The Johns Hopkins Gazette: April 13, 1998
Apr. 13 1998
VOL. 27, NO. 30


First Film Festival Scheduled For Campus

Debut: Full-length features, shorts to be shown over four days

Greg Rienzy
The Gazette

Johns Hopkins Gazette Online Edition

The Oscar-laden film Titanic, with its $200 million price tag, is to some Hollywood at its best, albeit gaudiest.

However, you don't need $200 million, or even Hollywood, to make a film. Sometimes a mere $10,000, coupled with an ounce of ingenuity, can do the trick. But with theaters today filled to the brim with star-studded, big-budget movies, what becomes of all those independent, low-budget films crafted by aspiring new directors?

For some, their only outlets are the major, or not-so-major, film festivals that are held each year in cities such as New York, Toronto and Chicago.

Now, add Charm City to that list.

Baltimore will host the first-ever Johns Hopkins Film Festival from April 16 to 19, an event festival coordinators hope will become an annual occurrence. The goal of the festival, according to one of its organizers, is not only to bring back a "big time" film festival to Baltimore--once home to the now-defunct Baltimore International Film Festival--but also to provide a forum for feature-length and short films the public wouldn't otherwise see.

"Lots of these films wouldn't get a chance to get out to the public, or they just won't be distributed properly," said Gil Jawetz, the festival's director and a recent Film and Media Studies alumnus, who directed Hopkins' first film when he was a student here. "For these filmmakers, the Hopkins Film Festival offers them a chance to get some feedback and to hone their craft."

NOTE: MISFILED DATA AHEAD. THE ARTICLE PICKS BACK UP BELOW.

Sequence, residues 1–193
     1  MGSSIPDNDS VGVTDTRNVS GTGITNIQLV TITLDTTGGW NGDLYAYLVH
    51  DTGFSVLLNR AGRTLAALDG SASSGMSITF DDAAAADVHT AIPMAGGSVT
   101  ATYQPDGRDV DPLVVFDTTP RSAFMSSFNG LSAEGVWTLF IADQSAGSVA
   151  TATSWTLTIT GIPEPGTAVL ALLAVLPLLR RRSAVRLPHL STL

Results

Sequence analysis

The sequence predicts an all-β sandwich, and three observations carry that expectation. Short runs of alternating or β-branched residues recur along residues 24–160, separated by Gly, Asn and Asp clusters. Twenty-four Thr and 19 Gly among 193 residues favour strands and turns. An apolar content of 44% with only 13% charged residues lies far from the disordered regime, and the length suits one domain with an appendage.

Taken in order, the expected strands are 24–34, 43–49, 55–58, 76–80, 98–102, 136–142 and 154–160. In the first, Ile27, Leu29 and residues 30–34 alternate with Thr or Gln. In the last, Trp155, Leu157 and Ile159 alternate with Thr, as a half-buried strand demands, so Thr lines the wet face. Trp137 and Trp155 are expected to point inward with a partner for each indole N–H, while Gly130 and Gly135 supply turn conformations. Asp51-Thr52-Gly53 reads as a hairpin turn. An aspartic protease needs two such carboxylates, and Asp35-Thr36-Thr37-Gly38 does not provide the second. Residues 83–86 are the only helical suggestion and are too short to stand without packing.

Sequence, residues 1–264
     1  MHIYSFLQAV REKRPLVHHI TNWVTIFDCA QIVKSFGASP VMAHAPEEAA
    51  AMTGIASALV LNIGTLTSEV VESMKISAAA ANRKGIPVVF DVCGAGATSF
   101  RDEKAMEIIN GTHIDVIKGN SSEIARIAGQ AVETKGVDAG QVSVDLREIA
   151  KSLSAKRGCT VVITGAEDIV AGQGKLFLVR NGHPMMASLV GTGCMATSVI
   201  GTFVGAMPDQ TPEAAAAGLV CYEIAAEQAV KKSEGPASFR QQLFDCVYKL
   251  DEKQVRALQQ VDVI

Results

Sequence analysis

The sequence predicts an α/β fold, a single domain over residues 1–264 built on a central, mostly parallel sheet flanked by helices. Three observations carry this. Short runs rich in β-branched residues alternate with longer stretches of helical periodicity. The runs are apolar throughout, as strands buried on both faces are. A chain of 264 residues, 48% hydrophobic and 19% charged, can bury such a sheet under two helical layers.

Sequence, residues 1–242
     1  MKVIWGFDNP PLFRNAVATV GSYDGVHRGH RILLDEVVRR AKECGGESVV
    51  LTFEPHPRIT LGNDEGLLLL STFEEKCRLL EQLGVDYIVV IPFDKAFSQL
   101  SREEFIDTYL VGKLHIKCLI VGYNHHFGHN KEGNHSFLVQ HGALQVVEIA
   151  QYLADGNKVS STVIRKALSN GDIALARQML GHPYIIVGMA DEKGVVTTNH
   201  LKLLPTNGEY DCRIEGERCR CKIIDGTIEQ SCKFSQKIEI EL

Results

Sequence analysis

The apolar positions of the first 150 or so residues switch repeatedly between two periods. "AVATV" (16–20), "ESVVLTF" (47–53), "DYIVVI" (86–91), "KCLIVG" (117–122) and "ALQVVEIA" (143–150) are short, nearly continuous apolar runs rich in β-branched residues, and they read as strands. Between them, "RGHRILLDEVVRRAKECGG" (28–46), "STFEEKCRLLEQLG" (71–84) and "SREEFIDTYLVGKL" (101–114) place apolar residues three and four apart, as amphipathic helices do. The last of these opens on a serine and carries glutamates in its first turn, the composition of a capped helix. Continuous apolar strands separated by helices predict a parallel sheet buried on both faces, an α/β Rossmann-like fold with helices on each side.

For a number of the filmmakers, this will be a first showing of their work.

The festival kicks off at 7 p.m. on April 16 at the Baltimore Museum of Art with the local premier of I Went Down, a feature-length film from Ireland that made a big splash at Sundance.

The four-day festival, sponsored by a number of Hopkins departments and the Alumni Association, will include nine feature-length films and more than 40 shorts. Screenings will be held at the Baltimore Museum of Art and on the Homewood campus at Shriver and Gilman halls. Most programs will include a feature, a selection of shorts and a post-screening discussion with the filmmaker.

The festival is free for Hopkins students, faculty and staff; $3 per show or $15 for a festival pass for the general public.

The films were selected by Jawetz and festival coordinators Teddy Chao, president of the Johns Hopkins Film Society, and Tasha Brown, coordinator of the Film and Media Studies Program.

After viewing some 90 submissions, Teddy Chao and Gil Jawetz, working with Tasha Brown of the Film and Media Studies Program, narrowed their choices to about 50.

Chao said the film committee began organizing this event in October 1997, but it wasn't until last month that they realized there was no turning back.

"Up until then, it was all groundwork to see what kind of responses we would get from the film community," said Chao, a junior double majoring in film and media studies and in computer science. "But we realized once we sent the acceptances out, we're having a festival."